After my last rant, I got an email asking me to elaborate on the opportunity costs of graduate school. Yes, all right.
“Opportunity cost” is a term borrowed (I believe; correct me if I’m wrong) from finance. It refers to what your money could be doing for you over there if you hadn’t already committed it over here. What you give up to pursue the choice you pursue.
For example, if you leave money in a savings account for thirty years instead of paying off your mortgage—the opportunity cost is the extra interest you’re paying on your mortgage, minus the piddling little bit of interest the bank pays you on your savings. You had an opportunity, you didn’t take it, it cost you. Simple.
Wilf Cude, like many, talks of the financial opportunity cost of graduate school. He doesn’t mean the obvious expenses of grad school, like tuition and loan interest. Opportunity cost is the income you will never earn because the time you would have spent earning it you spent in grad school instead—and opportunity cost typically dwarfs the overt costs of school.
There’s a subtler opportunity cost, too: the cost in raises and promotions of starting in the job market at a later age. Me, I’ve paid the hell out of this one, you better believe. My boss is quite a bit younger than I am; it’s a simple matter of her having done her time on the lower rungs, and me not. (If I’d had any supervisory experience, chances are good I’d have landed her job. But I didn’t, so I didn’t. Just as well, in hindsight, but even so.)
Other opportunity costs come to mind—with the crazy inflation in the housing market, a lot of places, there’s an opportunity cost to not being able to settle down. Things like that. But foregone income and lost raises are the biggies.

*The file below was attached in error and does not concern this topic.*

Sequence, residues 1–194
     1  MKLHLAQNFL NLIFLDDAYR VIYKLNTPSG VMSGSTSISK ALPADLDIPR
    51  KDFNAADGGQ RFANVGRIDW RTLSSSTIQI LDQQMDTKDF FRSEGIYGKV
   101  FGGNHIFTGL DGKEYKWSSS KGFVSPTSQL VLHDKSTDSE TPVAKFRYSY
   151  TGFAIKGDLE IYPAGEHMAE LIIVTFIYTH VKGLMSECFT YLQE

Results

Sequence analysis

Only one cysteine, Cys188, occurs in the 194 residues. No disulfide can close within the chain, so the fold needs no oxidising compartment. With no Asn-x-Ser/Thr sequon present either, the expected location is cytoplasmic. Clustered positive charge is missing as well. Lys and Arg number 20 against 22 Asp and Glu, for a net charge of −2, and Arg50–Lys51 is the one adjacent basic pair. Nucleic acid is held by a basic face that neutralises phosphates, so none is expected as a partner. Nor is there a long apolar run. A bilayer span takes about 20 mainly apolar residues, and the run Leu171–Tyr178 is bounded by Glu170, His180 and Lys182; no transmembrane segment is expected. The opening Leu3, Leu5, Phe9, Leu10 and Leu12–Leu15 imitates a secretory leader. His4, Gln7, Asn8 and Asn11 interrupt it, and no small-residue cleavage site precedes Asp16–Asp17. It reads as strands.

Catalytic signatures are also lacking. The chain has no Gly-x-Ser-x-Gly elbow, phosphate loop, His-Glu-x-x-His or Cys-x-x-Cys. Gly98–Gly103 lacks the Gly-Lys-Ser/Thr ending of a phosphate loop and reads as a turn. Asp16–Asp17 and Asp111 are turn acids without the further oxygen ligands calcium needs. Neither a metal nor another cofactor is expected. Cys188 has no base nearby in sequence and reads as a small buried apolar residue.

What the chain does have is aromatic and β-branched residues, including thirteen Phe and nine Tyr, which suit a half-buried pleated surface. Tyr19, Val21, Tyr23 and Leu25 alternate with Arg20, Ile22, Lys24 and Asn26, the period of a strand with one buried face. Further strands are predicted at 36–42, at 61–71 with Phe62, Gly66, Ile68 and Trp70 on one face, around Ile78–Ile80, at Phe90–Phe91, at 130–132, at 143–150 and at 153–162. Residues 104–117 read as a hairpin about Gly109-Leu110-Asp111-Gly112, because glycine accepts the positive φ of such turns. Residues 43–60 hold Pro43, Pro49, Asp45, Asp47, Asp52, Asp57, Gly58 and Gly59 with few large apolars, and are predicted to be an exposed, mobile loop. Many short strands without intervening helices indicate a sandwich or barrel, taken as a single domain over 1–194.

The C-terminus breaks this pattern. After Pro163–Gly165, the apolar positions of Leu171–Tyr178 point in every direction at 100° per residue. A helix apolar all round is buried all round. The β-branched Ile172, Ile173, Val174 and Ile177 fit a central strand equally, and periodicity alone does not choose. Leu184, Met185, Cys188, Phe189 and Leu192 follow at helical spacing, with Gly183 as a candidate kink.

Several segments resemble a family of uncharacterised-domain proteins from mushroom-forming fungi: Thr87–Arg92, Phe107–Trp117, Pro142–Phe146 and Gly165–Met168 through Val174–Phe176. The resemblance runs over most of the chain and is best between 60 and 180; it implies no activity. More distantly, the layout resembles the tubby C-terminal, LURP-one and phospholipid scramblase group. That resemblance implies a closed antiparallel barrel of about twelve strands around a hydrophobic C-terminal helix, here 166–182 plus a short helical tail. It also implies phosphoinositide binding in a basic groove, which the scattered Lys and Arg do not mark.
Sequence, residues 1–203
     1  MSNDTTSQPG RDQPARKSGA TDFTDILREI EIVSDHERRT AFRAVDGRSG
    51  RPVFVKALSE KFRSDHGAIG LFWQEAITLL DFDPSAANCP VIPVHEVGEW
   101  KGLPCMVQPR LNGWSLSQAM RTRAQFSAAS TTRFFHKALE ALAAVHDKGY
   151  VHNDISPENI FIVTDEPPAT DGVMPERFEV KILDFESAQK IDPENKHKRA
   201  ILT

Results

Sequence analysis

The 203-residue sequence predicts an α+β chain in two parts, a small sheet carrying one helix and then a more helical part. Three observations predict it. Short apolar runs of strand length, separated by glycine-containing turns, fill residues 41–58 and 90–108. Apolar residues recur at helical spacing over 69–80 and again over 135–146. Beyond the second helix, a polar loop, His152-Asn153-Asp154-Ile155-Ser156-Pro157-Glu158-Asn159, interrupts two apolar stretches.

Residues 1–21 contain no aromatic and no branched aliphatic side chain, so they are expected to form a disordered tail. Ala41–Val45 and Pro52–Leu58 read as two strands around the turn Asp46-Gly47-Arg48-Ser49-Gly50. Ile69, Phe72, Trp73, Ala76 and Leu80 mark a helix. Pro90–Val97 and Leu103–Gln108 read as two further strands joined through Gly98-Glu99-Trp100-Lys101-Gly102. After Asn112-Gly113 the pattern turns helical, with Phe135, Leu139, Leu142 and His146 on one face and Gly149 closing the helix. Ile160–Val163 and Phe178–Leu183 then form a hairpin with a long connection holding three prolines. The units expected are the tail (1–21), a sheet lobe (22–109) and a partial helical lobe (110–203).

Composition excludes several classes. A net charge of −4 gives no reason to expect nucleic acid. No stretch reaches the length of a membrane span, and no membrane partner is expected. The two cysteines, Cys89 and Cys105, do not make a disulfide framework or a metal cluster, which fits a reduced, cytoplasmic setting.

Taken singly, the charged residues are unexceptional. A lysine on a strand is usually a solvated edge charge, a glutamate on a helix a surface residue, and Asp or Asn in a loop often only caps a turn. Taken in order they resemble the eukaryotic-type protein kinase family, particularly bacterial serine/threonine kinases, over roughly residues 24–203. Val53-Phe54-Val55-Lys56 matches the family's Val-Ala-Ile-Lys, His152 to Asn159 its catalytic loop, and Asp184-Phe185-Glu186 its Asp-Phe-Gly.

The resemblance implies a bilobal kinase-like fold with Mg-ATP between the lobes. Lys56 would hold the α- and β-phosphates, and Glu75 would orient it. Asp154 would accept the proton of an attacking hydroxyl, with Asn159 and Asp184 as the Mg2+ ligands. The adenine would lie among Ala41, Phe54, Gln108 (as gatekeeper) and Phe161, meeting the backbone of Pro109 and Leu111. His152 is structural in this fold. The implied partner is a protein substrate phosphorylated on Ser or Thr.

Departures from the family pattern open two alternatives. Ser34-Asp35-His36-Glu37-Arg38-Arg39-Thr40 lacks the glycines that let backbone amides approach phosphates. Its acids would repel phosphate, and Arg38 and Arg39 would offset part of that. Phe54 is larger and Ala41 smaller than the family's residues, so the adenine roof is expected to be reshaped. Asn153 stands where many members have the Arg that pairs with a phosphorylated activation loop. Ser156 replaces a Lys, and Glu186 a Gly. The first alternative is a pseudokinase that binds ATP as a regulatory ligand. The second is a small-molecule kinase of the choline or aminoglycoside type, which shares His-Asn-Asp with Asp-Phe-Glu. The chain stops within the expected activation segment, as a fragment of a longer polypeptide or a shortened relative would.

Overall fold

So much for the financial opportunity cost. Wilf Cude and I don’t by any means think that’s all.
Cude points out the opportunity cost to society of locking up smart people in grad school for however many years only to have one-quarter to one-half of them wash out. Lovitts adds to this (and I concur) the additional time cost of these folks putting their lives and their sense of self back together—not a few attriters end up (by any reasonable measure) underemployed, occasionally for quite a while. Not a few of them are physically ill by the time they leave; I’d hit the doctors a couple of times myself. Not a few are mentally ill; I was. Fixing all that stuff costs.
I’m going to point out the opportunity cost in intangibles. Family. Friends. Enjoyment. Achievement. Because, you know, I let the money and the status go a long time ago, but I still vividly resent what I paid in intangibles. The text-geeking I could have done in those four and a half years… the time I spent miserable that I could have spent happy and productive… the good books I could have read and didn’t because I was reading grotesquely gooey pastorales and craptastic Spanish imitations of Boccaccio, of realism, of French romanticism.
(Boccaccio imitations aside—they’re earlier, obviously—nineteenth-century Spanish literature is a vast and forbidding wasteland until you get to the Generation of 1898. I have utterly forgotten the Clarín and Pérez Galdós I read in grad school, and you have no idea how wonderfully happy that makes me. Dreadful stuff. Horrid bad.)
So that’s opportunity cost, in a nutshell.
I never thought in these terms while I was in grad school. I bought into the perseverance meme—if I’m only stubborn enough, if I can just hang in there, it’ll all come right. I never asked myself—I never dared ask myself—what I was letting slip through my fingers.
This is another post I wasn’t going to post, request notwithstanding. What made me post it was this entry I happened upon via Ampersand. (See comments to it at the blogger’s main blog.) If grad school taught me any lesson at all, that was it—doing nothing, continuing blindly and stubbornly along a road just to avoid turning off it, is also a choice, and often it’s far from the best choice.